With pressures mounting on the government to quell the swelling tide of housing shortages amidst rising demand, it is interesting that the Minister for Housing, Planning and Local Government has this year prioritised the Residential Tenancies Amendment Bill, seeking Cabinet approval for a range of measures to bolster the powers of the Residential Tenancies Board (RTB).
The stated purpose of the proposed new Bill is to change legislation to strengthen rights of tenants and help reduce the risk of homelessness, aiming to tackle the housing crisis with the introduction of fines and costs of up to €30,000 that will apply to private landlords who illegally increase rents above the Government’s cap of 4 per cent, under the new arrangements being considered by Cabinet. However, these changes could pose a greater risk to supply overall by introducing barriers to entry and disincentives to remain in the market for private landlords.
The Residential Tenancies Act 2004 was enacted in Ireland at a time when Ireland’s PRS was gaining momentum and the sector appeared to require some structure. The 2004 Act introduced several key provisions to the sector including the introduction of minimum obligations on both landlords and tenants, the establishment of the RTB, security of tenure for tenants in situ for more than six months, mandatory rent reviews, new lease termination procedures and outlined new dispute resolution protocols. The Act placed new administrative burdens on landlords in Ireland while it was supposed that the corresponding benefits to tenants, who previously may have been perceived as being vulnerable, deemed the newly enacted burdens on landlords as warranted.
According to submissions made by the Irish Property Owners Association (IPOA) to the Oireachtas Joint Committee on Housing, Planning & Local Government, assigned to review the contents of the proposed amendment bill, the 2004 Act was already “needlessly complex” and suggested that the amendment bill effectively be “paused” in favour of a more “detailed review on the subject of the private rental sector in the interest of supply”.
While carrying out PRS inspection services on behalf of Local Authorities, Inspex has found the assertion of confusion to be true in many cases. Landlords seem to be increasingly overwhelmed by the obligations imposed on them. The frequency at which legislative and regulatory changes are being passed seems to outpace the speed with which landlords can catch up with exactly what they are supposed to be doing, in what manner, at what regularity, and to what standard.
Threshold purported that significant transformations of PRS regulations were required as far back as 2014 when it reported that private rents were beginning to approach unaffordable levels. It advised that reform of the sector was required “to attract long-term stable investment into the rented sector”, suggesting that stable and consistent regulation is required to ensure that existing and potential investors in the PRS are not dissuaded from remaining in or entering the market.
Further regulation, in addition to existing obligations facing landlords in the Irish PRS, could endanger the integrity of the market and existing regulations, including the minimum housing standards. From its experience in PRS inspection, Inspex notes that the majority of landlords are willing to cooperate and wish to comply with the regulations, but many small-scale landlords are struggling with the existing burden of mounting regulatory requirements. The proposed new rules risk causing more harm than good for the existing and potential new supply of PRS stock.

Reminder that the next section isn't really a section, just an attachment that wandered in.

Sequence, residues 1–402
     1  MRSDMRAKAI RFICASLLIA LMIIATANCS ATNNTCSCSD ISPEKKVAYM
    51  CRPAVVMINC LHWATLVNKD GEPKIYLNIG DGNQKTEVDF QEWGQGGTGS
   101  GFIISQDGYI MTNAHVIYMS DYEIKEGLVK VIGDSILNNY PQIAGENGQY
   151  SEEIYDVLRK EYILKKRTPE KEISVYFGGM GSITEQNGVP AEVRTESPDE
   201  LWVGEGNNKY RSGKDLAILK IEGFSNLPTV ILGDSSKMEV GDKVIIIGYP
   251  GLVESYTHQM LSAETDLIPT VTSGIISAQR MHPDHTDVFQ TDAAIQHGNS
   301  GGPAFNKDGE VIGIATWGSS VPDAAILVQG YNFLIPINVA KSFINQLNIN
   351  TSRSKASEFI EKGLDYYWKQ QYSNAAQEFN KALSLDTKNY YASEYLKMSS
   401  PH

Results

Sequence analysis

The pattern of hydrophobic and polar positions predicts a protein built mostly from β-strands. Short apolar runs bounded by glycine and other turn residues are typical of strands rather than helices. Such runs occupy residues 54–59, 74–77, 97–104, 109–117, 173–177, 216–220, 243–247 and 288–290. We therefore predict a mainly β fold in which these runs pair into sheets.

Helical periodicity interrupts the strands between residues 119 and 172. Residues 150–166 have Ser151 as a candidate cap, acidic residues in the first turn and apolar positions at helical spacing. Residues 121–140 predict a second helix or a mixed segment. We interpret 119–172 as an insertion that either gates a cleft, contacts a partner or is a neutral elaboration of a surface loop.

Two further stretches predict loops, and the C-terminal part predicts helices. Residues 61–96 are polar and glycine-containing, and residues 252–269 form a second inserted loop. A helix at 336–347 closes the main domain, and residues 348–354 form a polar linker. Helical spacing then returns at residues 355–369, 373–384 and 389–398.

With the increasing overlap of Ireland’s social and private rental markets through schemes such as HAP and RAS, it should come as no surprise that the Government aims to gain a level of control on the PRS since many of the tenants in situ are, in effect, socially housed.
The efficacy of the proposed new amendments is still an unknown, with the Oireachtas Committee already noting in its review document that an analysis of potential adverse effects on housing supply, amongst others, should be considered prior to passing the new bill into law.
With such a hefty collection of regulations and obligations already bearing down on landlords and with a real risk of additional measures driving landlords out of the PRS, incentivisation for landlords would be a better way of achieving a steady supply stream in the market.
In 2017 the Department of Housing set out inspection guidelines and targets for all local authorities, advising that initially 15% of PRS properties should be inspected, equating to approximately 51,000 properties nationally (based on 340,000 tenancies reported to have been registered by the RTB in 2017), increasing to 25% of properties, or 85,000, by 2021, assuming the quantum of tenancies remains stagnant. Achieving these targets set out by the Department of Housing would continue the helpful and informative approach for landlords and at the same time improve accommodation standards generally.
Inspex believes that a consistent and streamlined approach to PRS inspections is key, with the aim always to eliminate confusion amongst landlords and tenants, thereby alleviating barriers to compliance with existing regulatory standards.